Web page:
After listening to a presentation about the issuance of general obligation bonds, the Shelbyville City Council tabled action and will consider it at a future meeting.
David Pistorius, representative of First Midstate, Inc., discussed the general obligation bonds as an alternative revenue source for the city. The bonds would restructure the existing debt at a lower rate and create alternative revenue to finance several water and sewer improvement projects.
"I suggest selling the bonds for $4 million," Pistorius said. The projects are estimated at $1.75 million to $2 milllion.
The first step would be for the council to select First Midstate Inc. as underwriter and Chapman and Cutler LLP as bond counsel. The second would be to authorize the issuance of general obligation bonds.
"You would pass an ordinance of intent in which you would describe the projects and pledge the revenues. An audit would have to show sufficienct revenues. You're not raising taxes, but raising taxes is a backup should you not have the revenue. I've not seen the need to do that in 18 years of doing this," Pistorius said.
Council members questioned selling $4 million in bonds.
"As I understand we don't have to take the extra amount so we're not overborrowing," said Commission Gib Smart.
"Right. You only pay for what bonds are sold," Pistorius said.
Pistorius added that the interest rates are projected at 2.5 percent to 3.25 percent. The cost to the city is 3 percent to 4 percent.
"I haven't been told what these projects are," said Commissioner Brent Fogleman. "I hate to vote for $4 million when I don't know what it is for."
Fogleman also argued that there was money in the bank to pay for some of the proposed water and sewer projects and that he did not see the need to issue bonds for them.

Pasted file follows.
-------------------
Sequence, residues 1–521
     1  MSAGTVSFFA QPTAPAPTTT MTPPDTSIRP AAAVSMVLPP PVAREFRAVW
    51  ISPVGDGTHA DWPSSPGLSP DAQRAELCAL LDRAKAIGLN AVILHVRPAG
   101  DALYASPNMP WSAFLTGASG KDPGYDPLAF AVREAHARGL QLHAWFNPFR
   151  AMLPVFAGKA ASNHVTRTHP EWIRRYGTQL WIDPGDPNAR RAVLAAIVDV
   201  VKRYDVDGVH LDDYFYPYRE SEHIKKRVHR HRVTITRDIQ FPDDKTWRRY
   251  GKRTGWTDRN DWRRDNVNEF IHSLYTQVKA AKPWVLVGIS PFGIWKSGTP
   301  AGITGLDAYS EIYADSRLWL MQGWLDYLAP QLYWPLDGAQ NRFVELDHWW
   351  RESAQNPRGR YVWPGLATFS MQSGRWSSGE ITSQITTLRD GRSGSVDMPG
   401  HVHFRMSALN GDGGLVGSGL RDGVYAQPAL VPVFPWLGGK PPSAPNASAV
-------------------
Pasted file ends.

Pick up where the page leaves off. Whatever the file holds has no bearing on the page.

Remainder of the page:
Mayor Jeff Johnson also noted that some of the projects will be paid for by Business District funds, but it would benefit them to lock in the dollar amount and rates with First Midstate.
"I think with the paperwork involved we should go ahead and approve this," Commissioner Bill Shoaff said.
Pistorius responded that there was no harm in delaying the paperwork.
"I think we are putting the cart before the horse," said Fogleman. "I going to vote no."
Council members noted that they would like to include Commissoner Thom Shafer and City Attorney Jack Kiley, who were both absent, in the discussion and a motion to table action on this matter was passed 4-0.
Steve Bainbridge of BGM & Associates recommended the bid by Cahoy Pump Service in the amount of $106,283 for construction of the Water Well No. 10. Estimated cost of the project was $180,000. The Council approved the award.
Bainbridge asked to advertise for bids for the raw sewage and return sludge pump replacement. Bids would be opened before the November 7 meeting. The Council approved the request.
Bainbridge also explained the EPA requirement to eliminate the combined sewer overflows and reduce the number of bi-sewer overflow points.
"It's a statewide project and will take an estimated $65-$75,000 to start. We're probably looking at $1.5 million for the project," Bainbridge said.
The Council approved starting the project.
Drew Scranton of Sensus presented teir proposal for the upgraded water meter reading system. The system involves remote readings of water usage on the Shelbyville system. The system would be able to detect leaks anywhere in the coverage area in real time, saving consumers on their water bills. Scranton estimates the meter replacement project would cost $1.06 million.
The Council approved the ordinance designating the Enterprise Zone for the grant application. The Zone includes almost all of the City of Shelbyville.
Mayor Johnson commented on all the building projects continuing in town.
"It is a busy and exciting time in town, and we're not finished yet," he said.